I have wanted to go to Discovery Cove since it opened and it FINALLY happened! Our family spent the day in paradise. Before purchasing our tickets, we discussed the different packages and the availability of private cabanas as a family and we decided that this is probably a once-in-a-lifetime event. We decided to splurge and purchase the Elite package (more on packages in a different post) which includes a private cabana.
A friend told me to “arrive when it opens and stay until they put you out” – she was right!. Although the waterways do not open until 8:30, breakfast is served early and the doors open at 7:15 am. We arrived in the parking lot by 7:30 am and the line to enter was very long, we must have been one of the last people to arrive since the line was not very long behind us. We stood in line for about 30 minutes but it was always moving and the foliage was beautiful. Although the park was almost full to capacity, it was the only line we stood in all day long.
An excellent variety of good food was available for breakfast. The empty coffee
A client is traveling on a Fall Foliage cruise in late September. She asked me about some of the excursions and as I was reviewing the options and began researching Bar Harbor, some stunning photos appeared on my computer screen.
All of these fantastic pictures have made me want to pack my bag and join them on this cruise – and this is only the First stop!
I called the Chamber of Commerce and they sent me some great photos to share with you.
Most of the information I found was from the Arcadia National Forest so I jumped over to YouTube and found a videos from the National Parks Service as well:
On Tuesday as the Safari Explorer transited from Lanai toward the island of Maui through the National Humpback Marine Sanctuary everyone was watching for humpback whales. While we did see humpback whales that will be the topic of another blog post. What else we found that day is our current subject. Continue reading Hawaii UnCruise – Ocean Cleanup Event
The Ohana at Walt Disney World’s Polynesian Village Resort is a table service restaurant located on the second floor facing the Seven Seas Lagoon. All the food at Walt Disney World is expensive so is it worth while to splurge with table service? On our last visit (more here) we decided to celebrate a birthday with dinner at Ohana. We looked at several other restaurants but the menu and atmosphere interested us. We did make a reservation. None were available online for the dates we were on property so I called and talked to an agent. They found us a table and while the 8:30 p.m. time was later than we normally eat it worked out fine. Continue reading Walt Disney World – Ohana Dinner Feast Review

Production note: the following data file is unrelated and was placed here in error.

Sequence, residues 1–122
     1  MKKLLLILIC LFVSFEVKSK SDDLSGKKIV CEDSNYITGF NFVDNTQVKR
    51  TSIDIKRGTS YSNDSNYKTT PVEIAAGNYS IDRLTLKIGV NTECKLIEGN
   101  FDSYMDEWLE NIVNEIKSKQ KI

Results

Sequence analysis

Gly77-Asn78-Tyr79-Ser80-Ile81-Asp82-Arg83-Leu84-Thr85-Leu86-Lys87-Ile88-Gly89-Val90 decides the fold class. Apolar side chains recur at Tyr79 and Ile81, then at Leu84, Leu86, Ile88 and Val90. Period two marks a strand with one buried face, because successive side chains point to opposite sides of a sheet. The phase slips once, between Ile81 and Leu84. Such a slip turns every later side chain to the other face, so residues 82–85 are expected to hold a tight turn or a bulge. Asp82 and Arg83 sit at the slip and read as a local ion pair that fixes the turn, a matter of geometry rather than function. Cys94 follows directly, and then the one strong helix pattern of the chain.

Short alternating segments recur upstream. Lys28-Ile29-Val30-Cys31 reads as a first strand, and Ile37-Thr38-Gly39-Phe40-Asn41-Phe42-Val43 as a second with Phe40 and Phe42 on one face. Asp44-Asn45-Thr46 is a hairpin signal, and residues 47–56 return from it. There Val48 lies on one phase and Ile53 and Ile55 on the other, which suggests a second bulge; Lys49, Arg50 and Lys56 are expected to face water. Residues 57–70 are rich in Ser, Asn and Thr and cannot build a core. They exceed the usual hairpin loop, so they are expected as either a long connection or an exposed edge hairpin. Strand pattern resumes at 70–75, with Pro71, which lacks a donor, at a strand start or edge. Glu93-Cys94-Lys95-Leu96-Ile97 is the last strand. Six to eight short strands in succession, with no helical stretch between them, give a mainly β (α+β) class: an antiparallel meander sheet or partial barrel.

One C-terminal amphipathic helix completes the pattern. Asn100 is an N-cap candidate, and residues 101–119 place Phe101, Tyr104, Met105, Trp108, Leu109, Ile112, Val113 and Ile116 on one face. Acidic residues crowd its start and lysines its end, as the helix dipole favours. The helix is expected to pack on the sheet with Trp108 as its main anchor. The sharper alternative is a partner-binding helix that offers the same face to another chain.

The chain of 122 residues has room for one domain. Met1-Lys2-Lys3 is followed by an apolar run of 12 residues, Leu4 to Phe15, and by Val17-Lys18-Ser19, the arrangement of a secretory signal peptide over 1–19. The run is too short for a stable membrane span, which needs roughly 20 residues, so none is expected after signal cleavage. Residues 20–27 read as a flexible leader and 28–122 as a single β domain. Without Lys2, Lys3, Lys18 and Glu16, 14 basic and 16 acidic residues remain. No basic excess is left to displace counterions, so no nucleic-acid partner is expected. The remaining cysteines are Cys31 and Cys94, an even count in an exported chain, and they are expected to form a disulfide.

After leaving Molokai we sailed for the island of Lanai. The distance between the two islands is only about 20 miles, so this wasn’t a long transit. One of the very different things about cruising with Safari Explorer is the open door policy on the bridge. If you go to the bridge and the door is open then cruisers are welcome at go on the bridge and talk to the crew there, look at the charts to see where we are going and use the binoculars to scan for whales or other wildlife. If the door is closed, the crew needs to concentrate and you should come by again later. This is very different than other Cruise ships where the bridge is off limits at all times. We visited the bridge often and enjoyed visiting with the crew. Continue reading Hawaii UnCruise – Lanai
We love trying out different Disney Resorts. Staying on property is always fun and offers great benefits like free parking and Extra Magic Hours (Each day of the week, resort guests can enter a park one hour earlier or stay in a park up to two hours later than normal park operating hours.) As Florida Resident Annual Passholders we are often able to get special discounts on rooms. For this trip of three nights we chose the Cabins at Disney’s Fort Wilderness. Continue reading Walt Disney World – the Cabins at Disney’s Fort Wilderness
One of the best excursions UnCruise included was a night time snorkel with Manta Rays off the coast of Maui.
They provided full wet suites for this one because of the length of time we were going to be in the water and that the water was a little cooler after dark. After a light dinner our guide for the dive, Ian, came aboard and talked to us about Manta Rays. Manta Rays eat plankton, tiny little organisms floating in the ocean. This dive is done at night because lights are used to attract the plankton, which attracts the Manta Ray. The Manta Rays swim up and barrel roll with their mouth open to scoop up the plankton in order to eat. The Reef Manta Ray we saw are black and white with wing spans of 9 feet – 14 feet. Manta Rays are uniquely identified by the markings on the belly of the Ray. Very much like the Fluke coloration of a Humpback whale uniquely identifies a specific whale. In order to view the Manta Rays feeding, a surf board is outfitted with rope loops for each person to hold on to while they have snorkel gear and the surf board is pulled along by the guide.
While we were snorkeling the guide was able to identify 8 different Manta Rays by coloration. The largest Manta Ray is “Big Bertha” who has a wing span of 14 feet. Normally the guide says she does not barrel roll to feed. While we were there viewing Big Bertha did come out and barrel roll to feed for us. The guide saw about 2 – 3 other Manta Rays which did not display their coloration so they were not identified by name.